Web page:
Following Absorption Center Fracas, Center Closed, Olim to Be Separated
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Following Absorption Center Fracas, Center Closed, Olim to Be Separated

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Aliyah authorities have decided to shut down Israel’s largest absorption center, in the aftermath of a fierce brawl Monday night between hundreds of Soviet and Ethiopian immigrants housed there.

The authorities also decided, at a meeting here Wednesday, that they will no longer place Soviet and Ethiopian olim under the same roof.

The trouble erupted in the former Hotel Diplomat in Jerusalem, which has been doing double-duty as an absorption center for Ethiopian immigrants and providing low-rent housing for Soviet newcomers and homeless Israelis.

But even before it is shut down, the Ethiopians will be resettled in mobile homes around the country, provided by the Jewish Agency and the Absorption Ministry in cooperation with the Amidar Housing Co.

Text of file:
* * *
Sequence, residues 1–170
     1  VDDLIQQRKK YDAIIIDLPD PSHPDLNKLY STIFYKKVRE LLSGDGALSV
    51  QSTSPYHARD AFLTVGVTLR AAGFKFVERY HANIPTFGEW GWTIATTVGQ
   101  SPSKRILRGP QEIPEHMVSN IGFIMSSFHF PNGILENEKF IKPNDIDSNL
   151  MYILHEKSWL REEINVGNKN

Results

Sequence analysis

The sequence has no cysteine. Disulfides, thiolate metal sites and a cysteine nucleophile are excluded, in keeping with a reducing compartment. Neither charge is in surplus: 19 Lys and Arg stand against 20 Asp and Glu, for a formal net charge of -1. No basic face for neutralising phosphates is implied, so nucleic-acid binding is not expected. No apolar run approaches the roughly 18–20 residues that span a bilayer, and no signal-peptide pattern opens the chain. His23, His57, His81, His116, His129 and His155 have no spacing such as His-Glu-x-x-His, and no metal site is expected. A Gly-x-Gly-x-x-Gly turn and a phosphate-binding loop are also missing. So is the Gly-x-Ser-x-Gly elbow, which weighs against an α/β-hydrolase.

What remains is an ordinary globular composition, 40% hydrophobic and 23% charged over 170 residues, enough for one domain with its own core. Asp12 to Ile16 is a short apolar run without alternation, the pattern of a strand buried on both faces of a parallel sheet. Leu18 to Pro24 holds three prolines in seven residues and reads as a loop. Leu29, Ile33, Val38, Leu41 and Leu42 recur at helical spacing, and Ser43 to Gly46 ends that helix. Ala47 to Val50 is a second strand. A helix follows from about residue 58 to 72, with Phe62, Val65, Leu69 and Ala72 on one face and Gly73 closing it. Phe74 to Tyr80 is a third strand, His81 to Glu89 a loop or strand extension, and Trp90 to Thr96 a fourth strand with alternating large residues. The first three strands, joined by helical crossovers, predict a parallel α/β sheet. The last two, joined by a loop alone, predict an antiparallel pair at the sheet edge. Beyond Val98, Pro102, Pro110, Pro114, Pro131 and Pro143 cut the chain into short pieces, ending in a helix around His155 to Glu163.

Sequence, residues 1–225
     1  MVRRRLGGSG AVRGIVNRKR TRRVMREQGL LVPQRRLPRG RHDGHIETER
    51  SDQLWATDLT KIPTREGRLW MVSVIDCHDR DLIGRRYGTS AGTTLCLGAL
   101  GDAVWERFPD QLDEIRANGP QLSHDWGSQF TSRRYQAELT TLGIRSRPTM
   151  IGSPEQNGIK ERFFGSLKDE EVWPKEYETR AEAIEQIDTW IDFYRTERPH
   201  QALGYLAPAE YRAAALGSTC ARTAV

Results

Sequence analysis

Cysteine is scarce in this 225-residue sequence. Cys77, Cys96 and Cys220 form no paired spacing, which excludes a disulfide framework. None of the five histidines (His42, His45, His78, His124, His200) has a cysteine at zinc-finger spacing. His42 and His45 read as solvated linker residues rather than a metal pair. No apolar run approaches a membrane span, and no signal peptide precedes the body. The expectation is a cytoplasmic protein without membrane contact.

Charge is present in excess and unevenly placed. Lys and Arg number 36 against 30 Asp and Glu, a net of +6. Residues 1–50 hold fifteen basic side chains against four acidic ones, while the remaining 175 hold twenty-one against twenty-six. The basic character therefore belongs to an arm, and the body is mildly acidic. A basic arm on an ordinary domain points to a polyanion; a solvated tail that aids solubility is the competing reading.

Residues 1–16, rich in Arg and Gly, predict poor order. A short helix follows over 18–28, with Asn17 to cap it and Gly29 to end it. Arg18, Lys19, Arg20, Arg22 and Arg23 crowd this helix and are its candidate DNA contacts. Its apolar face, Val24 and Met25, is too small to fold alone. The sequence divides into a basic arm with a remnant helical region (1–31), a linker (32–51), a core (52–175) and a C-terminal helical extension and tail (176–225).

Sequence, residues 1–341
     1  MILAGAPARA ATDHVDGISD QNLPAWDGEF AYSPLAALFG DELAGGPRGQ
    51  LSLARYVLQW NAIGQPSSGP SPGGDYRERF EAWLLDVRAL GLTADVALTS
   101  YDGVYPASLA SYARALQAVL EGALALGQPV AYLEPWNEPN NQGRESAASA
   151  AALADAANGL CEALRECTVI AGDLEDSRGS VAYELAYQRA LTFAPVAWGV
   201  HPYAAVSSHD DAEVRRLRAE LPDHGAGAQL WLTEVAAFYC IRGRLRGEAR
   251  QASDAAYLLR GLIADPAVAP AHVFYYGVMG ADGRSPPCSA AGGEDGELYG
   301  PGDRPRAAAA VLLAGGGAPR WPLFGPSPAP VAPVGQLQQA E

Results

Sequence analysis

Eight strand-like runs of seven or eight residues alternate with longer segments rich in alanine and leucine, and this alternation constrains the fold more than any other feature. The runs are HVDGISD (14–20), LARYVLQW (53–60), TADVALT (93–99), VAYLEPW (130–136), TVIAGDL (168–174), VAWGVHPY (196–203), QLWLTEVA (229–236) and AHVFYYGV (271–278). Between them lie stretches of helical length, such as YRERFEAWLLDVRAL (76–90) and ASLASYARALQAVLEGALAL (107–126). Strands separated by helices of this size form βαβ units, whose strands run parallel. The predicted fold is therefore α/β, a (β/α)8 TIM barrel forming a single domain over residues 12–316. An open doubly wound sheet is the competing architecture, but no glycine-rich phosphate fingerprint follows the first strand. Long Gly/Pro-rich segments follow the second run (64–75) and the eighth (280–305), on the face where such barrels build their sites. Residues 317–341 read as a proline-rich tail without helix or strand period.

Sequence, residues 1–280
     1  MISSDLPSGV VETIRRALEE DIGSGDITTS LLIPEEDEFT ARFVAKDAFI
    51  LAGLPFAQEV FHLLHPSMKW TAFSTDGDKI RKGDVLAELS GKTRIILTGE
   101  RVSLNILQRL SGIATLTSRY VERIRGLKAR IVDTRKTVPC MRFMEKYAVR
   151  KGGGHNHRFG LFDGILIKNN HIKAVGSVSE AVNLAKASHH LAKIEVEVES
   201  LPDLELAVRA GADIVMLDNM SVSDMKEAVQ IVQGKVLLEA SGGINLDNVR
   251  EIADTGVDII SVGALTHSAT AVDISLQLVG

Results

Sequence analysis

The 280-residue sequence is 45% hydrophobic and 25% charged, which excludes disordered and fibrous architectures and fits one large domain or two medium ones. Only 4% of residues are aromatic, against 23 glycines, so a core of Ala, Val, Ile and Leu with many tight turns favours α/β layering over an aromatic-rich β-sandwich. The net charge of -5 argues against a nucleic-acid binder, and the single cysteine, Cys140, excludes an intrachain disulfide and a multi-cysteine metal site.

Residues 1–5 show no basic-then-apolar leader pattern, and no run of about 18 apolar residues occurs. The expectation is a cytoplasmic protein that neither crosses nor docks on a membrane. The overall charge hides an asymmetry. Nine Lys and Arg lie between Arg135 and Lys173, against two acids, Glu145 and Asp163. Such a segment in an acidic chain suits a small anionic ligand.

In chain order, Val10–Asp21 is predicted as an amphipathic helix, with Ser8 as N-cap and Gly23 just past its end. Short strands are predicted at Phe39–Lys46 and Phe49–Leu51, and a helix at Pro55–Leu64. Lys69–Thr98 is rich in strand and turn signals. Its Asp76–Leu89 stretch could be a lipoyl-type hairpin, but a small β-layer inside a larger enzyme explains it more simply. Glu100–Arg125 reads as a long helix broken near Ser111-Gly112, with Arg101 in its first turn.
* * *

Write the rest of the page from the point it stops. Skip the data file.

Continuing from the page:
They will be invited in the next few days to inspect mobile home sites in Beersheba, Hatzor and Acre and make their choices.

Essentially a rural people used to a simple outdoor life, the Ethiopians have had great difficulty adjusting to urban settings. They prefer mobile homes, which remind them more of the villages they left behind and afford greater family privacy, to the high-rise absorption centers.

Soviet olim who come from a modern society are put on their own shortly after arriving in Israel. Each family is given a stipend for the first year, from which it is expected to pay rent and provide other necessities of life.

The Soviets will continue to occupy rooms at the Diplomat until the center is permanently closed.

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